Silica, pneumoconiosis, and carcinoma of the lung

Am J Ind Med. 1985;7(4):285-94. doi: 10.1002/ajim.4700070404.

Abstract

The current argument about the carcinogenicity of inhaled silica is not clarified by reliance on morbidity and mortality experience divorced from or incompletely related to data on environmental exposure. Human evidence provides the ultimate basis for assessing such risks, and numerous studies of the effects of inhaling dusts rich or poor in silica content on the prevalence of pulmonary carcinoma have been performed on large series of cases from major mining areas of the world. When due allowance is made for substances inhaled concomitantly with exposure to silica and for personal pollution by cigarette smoking, the weight of evidence is against a carcinogenic role for uncombined silicon dioxide. Moreover, pneumoconiosis due to compact mineral particles does not appear to determine the onset of lung cancer. Cellular behaviour suggests reasons for the different responses to compact and fibrous particles acting alone.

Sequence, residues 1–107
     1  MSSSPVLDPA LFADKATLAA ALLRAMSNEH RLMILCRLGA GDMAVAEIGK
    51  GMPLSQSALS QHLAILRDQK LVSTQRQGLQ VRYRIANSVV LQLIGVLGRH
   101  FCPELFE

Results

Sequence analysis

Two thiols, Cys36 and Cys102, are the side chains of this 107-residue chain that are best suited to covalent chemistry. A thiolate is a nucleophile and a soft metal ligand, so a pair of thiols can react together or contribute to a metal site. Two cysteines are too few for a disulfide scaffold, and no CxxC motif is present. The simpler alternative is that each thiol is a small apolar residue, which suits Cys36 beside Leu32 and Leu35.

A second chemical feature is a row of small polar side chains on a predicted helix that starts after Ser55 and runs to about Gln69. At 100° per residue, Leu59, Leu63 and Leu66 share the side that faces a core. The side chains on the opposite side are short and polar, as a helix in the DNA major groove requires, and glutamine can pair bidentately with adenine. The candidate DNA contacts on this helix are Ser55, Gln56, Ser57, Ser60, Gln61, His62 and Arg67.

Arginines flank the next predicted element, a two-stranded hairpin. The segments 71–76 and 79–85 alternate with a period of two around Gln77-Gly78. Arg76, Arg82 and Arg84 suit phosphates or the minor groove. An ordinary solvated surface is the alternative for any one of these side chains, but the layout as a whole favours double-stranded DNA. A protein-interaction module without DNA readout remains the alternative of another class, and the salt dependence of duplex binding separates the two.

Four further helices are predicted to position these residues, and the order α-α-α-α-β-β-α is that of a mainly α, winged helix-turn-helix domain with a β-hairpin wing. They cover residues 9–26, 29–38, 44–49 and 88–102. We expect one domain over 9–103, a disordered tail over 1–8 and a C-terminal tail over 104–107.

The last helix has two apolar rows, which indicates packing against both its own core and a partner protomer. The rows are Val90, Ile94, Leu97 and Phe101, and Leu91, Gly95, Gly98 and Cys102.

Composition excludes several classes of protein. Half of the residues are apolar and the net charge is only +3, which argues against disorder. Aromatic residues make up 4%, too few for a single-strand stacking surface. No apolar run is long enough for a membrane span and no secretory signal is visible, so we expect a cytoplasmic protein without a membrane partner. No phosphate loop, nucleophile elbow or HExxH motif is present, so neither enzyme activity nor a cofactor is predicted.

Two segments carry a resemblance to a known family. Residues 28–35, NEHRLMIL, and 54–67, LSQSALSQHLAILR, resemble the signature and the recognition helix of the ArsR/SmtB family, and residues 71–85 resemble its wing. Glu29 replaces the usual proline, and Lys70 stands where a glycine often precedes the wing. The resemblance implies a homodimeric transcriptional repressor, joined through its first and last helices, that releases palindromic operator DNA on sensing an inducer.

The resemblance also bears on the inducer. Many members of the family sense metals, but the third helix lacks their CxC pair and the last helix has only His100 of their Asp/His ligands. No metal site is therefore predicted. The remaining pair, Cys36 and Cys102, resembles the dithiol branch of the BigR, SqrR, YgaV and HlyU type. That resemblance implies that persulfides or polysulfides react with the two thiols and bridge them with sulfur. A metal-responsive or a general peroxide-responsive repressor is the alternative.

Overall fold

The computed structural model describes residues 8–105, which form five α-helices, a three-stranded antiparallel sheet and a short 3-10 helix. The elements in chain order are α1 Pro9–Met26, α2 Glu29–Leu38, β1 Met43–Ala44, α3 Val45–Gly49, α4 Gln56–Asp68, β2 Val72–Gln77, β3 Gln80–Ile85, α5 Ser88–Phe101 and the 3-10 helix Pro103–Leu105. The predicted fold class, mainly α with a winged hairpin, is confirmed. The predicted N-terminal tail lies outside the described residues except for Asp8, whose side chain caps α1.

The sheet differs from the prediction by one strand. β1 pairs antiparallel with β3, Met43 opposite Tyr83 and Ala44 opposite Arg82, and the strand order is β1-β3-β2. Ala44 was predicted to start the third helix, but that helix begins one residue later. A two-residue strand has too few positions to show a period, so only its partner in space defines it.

Publication types

  • Review

MeSH terms

  • Coal Mining
  • Dust*
  • Gold
  • Humans
  • Iron
  • Lung Neoplasms / epidemiology
  • Lung Neoplasms / etiology*
  • Male
  • Mining
  • Occupational Diseases / epidemiology
  • Occupational Diseases / etiology*
  • Pneumoconiosis / epidemiology
  • Pneumoconiosis / etiology*
  • Silicon Dioxide*
  • Silicosis / epidemiology
  • Silicosis / etiology
  • Smoking
  • South Africa
  • United Kingdom

Substances

  • Dust
  • Gold
  • Silicon Dioxide
  • Iron